SAINT PAUL, MN (June 7, 2021) – The Minnesota Gun Owners Caucus today announced, in partnership with national gun rights organizations Firearms Policy Coalition (FPC) and the Second Amendment Foundation (SAF), that it has filed a federal Second Amendment lawsuit seeking to restore the right of adults under 21 years of age to carry loaded, operable arms in public for self-defense and other lawful purposes.
The case, Kristin Worth, et al. v. John Harrington, et al., is the latest legal effort in the Caucus’s planned litigation in Minnesota to secure the right to keep and bear arms throughout the state.
The complaint can be found at FPCLegal.org.
The State of Minnesota generally bars the carrying of handguns in public for self-defense without first acquiring a permit to carry. But under state law, those permits cannot be issued to adults under the age of 21. This legal scheme is thus an unconstitutional total ban on the exercise of the fundamental human right to bear arms for a broad class of legal, law-abiding adults who can vote, serve on a jury, hold public office, marry, and serve in the armed forces.
“There is simply no legal or constitutional justification that an entire class of adult citizens in Minnesota should be completely denied their fundamental, individual right to keep and bear arms, “ said Bryan Strawser, Chair, MN Gun Owners Caucus.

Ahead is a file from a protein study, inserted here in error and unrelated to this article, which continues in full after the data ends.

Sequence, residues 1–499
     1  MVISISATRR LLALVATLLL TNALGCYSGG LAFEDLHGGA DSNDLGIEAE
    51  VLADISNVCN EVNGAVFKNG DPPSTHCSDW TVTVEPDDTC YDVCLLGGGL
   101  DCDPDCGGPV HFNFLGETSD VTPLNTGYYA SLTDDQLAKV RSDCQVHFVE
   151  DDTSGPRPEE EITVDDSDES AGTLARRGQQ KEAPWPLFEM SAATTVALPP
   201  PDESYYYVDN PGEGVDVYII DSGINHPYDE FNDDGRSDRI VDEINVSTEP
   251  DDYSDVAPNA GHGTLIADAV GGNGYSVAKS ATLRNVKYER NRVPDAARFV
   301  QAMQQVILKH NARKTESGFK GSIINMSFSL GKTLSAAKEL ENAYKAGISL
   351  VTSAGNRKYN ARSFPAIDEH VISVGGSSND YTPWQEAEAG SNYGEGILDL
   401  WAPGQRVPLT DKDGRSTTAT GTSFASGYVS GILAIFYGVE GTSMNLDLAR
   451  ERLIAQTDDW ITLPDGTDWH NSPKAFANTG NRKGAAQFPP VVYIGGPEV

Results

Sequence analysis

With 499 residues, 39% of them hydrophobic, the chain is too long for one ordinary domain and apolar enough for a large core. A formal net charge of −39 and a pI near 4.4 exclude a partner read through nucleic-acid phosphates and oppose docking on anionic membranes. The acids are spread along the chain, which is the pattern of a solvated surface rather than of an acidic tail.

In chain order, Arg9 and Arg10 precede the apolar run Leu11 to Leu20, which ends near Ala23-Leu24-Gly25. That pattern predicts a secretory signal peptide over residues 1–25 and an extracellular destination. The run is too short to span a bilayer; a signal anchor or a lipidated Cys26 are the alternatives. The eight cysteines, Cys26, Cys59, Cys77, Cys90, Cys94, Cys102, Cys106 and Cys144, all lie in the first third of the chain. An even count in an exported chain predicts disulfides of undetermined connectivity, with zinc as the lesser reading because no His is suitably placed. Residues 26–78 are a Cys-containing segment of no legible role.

“We have members and supporters of our organization that serve honorably in the armed forces and the Minnesota National Guard yet are entirely prohibited from exercising their right to keep and bear arms, “ added Rob Doar, Political Director. “Minnesota’s prohibition on 18- to 20-year-old adults from exercising their civil rights is unjust under any level of scrutiny.”
The complaint states that “[t]hroughout American history, arms carrying was a right available to all peaceable citizens,” and that “[h]undreds of statutes from the colonial and founding eras required 18-to-20-year-olds to keep and bear arms.” Additionally, the complaint argues that Minnesota’s ban “is particularly illegitimate as applied to young women such as Plaintiff Worth” because “[f]emales between the ages of 18 and 21 commit violent offenses at an exceptionally low rate” while noting that “available data show that 18-to-20-year-old adults commit fewer violent crimes than those who are 21-to-24-years-old.”
The Worth case was filed today in the United States District Court for the District of Minnesota, within the Eight Circuit Court of Appeals, against defendants John Harrington, Minnesota Commissioner of Public Safety, Don Lorge, Sheriff of Mille Lacs County, Troy Wolbersen, Sheriff of Douglas County, and Dan Starry, Sheriff of Washington County.